Your credit score tells the lender how you deal with the responsibility of money and paying back a debt. If you have good to excellent credit, you should be able to get a mortgage up to 80% of your home's retail value. Some smaller banks may even determine the amount of the loan to be equal to the value of your house.
To obtain a free credit score, you can
- Ask your bank if they offer a free credit report. “Some banks offer benefits designed to help you understand and improve your credit score,” claims Investopedia.
- Visit Annual Credit. According to the Federal Trade Commission's consumer report, Annual Credit allows consumers to access their credit reports for free weekly through April of 2021.
The better your credit and employment history, the more likely you will be to obtain a mortgage. This doesn’t mean you won’t be able to get a loan if you have a lower rating or with no credit history, but your interest rates will most likely be higher with a lower score, and your loan amount will most likely be less.
Get Your Home Appraisal
For your lender to give you a home mortgage, they need to know the value of your home to make an informed decision on the amount of your loan.
If the lender loans more than your house is worth, they risk losing money. So, you will always be required to have a home appraisal. This appraisal is an unbiased estimate by a professional appraiser familiar with the neighborhood and current housing market of the area.
Find your appraiser by
- Asking banks for their list or if they would recommend a property appraiser. Most banks will have a list of reputable property appraisers.
- You could also ask friends and neighbors in the area for recommendations.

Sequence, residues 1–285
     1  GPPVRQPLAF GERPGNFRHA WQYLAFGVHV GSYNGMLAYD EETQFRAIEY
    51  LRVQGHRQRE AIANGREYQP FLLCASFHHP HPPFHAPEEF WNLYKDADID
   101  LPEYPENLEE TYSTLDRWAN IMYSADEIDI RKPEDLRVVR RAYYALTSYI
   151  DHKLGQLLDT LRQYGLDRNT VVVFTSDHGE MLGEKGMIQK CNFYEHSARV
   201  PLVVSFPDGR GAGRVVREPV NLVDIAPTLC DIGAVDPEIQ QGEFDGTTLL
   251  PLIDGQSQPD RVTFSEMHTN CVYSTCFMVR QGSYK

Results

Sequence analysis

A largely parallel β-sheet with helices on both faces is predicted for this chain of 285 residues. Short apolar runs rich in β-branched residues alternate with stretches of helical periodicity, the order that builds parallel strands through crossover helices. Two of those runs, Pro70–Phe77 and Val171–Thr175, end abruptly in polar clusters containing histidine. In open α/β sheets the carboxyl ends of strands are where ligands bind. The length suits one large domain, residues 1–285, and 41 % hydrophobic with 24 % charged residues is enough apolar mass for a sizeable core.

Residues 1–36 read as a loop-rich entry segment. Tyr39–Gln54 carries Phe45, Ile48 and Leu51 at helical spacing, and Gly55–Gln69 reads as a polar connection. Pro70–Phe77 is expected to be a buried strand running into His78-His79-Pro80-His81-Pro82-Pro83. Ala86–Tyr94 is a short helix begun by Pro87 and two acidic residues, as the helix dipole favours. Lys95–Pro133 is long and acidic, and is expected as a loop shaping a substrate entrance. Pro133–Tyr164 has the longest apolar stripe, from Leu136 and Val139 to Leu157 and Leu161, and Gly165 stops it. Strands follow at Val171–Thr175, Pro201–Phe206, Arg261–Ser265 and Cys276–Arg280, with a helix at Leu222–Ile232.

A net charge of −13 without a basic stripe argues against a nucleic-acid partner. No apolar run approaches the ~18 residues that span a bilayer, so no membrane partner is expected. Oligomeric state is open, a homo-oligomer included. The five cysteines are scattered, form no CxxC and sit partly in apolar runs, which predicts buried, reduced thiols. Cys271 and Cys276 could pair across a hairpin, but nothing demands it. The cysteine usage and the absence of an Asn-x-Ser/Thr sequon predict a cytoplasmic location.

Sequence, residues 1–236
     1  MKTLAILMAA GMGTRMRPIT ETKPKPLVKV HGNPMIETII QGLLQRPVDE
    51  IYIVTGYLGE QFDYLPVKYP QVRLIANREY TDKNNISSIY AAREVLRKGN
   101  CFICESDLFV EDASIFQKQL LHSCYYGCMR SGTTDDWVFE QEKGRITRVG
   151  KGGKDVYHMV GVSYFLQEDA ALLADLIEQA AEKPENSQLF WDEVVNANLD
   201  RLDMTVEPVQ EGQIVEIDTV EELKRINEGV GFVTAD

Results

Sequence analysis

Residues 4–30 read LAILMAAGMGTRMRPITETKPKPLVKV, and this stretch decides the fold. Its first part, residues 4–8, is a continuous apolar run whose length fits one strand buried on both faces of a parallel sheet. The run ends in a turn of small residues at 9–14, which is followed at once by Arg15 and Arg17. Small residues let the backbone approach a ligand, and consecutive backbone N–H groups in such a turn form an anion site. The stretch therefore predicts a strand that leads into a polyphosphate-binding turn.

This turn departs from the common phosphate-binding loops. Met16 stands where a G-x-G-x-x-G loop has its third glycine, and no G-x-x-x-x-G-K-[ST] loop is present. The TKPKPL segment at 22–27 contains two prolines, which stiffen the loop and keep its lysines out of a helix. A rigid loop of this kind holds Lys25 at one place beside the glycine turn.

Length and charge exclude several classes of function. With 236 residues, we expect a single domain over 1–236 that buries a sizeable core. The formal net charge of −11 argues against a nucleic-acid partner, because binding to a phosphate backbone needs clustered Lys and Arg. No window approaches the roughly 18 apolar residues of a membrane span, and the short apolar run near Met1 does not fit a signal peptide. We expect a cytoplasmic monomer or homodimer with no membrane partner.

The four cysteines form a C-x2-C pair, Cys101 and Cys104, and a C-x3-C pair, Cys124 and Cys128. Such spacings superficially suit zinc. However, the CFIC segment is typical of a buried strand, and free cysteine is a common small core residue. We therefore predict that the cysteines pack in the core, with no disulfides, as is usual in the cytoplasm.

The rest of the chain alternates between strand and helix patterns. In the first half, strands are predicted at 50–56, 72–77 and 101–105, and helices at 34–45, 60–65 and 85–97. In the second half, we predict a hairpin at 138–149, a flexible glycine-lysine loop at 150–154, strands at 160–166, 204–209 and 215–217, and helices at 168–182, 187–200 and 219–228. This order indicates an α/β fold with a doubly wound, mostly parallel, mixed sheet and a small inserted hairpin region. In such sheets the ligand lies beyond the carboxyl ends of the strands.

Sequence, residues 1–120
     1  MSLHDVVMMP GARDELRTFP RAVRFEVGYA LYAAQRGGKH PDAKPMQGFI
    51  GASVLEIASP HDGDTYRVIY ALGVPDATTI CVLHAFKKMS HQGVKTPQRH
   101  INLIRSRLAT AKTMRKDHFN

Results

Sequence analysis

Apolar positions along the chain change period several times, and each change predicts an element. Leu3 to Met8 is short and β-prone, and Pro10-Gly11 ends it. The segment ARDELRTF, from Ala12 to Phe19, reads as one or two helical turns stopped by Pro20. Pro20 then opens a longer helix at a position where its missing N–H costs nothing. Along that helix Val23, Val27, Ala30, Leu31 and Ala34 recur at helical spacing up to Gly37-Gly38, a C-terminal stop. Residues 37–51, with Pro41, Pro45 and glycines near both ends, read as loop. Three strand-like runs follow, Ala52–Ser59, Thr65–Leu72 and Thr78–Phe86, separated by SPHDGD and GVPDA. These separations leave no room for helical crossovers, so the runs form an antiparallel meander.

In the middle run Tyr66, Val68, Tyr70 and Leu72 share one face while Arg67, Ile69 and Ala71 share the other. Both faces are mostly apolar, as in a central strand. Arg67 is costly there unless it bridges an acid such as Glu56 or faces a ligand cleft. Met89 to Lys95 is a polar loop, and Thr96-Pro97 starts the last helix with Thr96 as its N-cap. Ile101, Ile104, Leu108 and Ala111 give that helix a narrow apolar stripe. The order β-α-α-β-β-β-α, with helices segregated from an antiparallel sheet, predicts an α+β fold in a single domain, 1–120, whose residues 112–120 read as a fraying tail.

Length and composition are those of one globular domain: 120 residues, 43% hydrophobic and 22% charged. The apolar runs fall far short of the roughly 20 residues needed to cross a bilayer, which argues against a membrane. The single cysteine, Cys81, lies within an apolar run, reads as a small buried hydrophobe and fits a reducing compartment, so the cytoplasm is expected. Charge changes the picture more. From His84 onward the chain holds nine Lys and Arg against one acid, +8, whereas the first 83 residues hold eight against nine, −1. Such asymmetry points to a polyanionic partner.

- Do a quick online search for local house and property appraisers. Make certain the appraiser you choose is licensed. You can check their credibility by searching the Better Business Bureau
Home Appraisals Cost Money
It costs money to have your home appraised. According to Bank Rate, a home appraisal could cost $300 to more than $800, depending on the property's type and size.
File your Mortgage Application
Once you have found your lender, you can fill out your mortgage application. It can take several months for your mortgage to be approved. However if you have every detail ironed out the process could be much quicker.
Most lenders use the same mortgage application form called the 1003 residential mortgage application. Fanny Mae has links to the 1003 forms.
Your lender will give you a pre qualification letter expressing a rough estimate of how much they plan to loan you. This could take a few days to a couple of months. Your final approval letter should show up a couple of weeks later.
What are the Different Types of Mortgages?
There are at least 8 types of home mortgages. Of these three are the most likely choices for a currently owned home. Each type of mortgage represents a different intended agreement between the lender and the consumer.
- HELOC: Home Equity Line of Credit
- Home Equity Loan
- IOM: Interest Only Mortgage
- ARM: Adjustable Rate Mortgage
- HECM: Home Equity Conversion Mortgage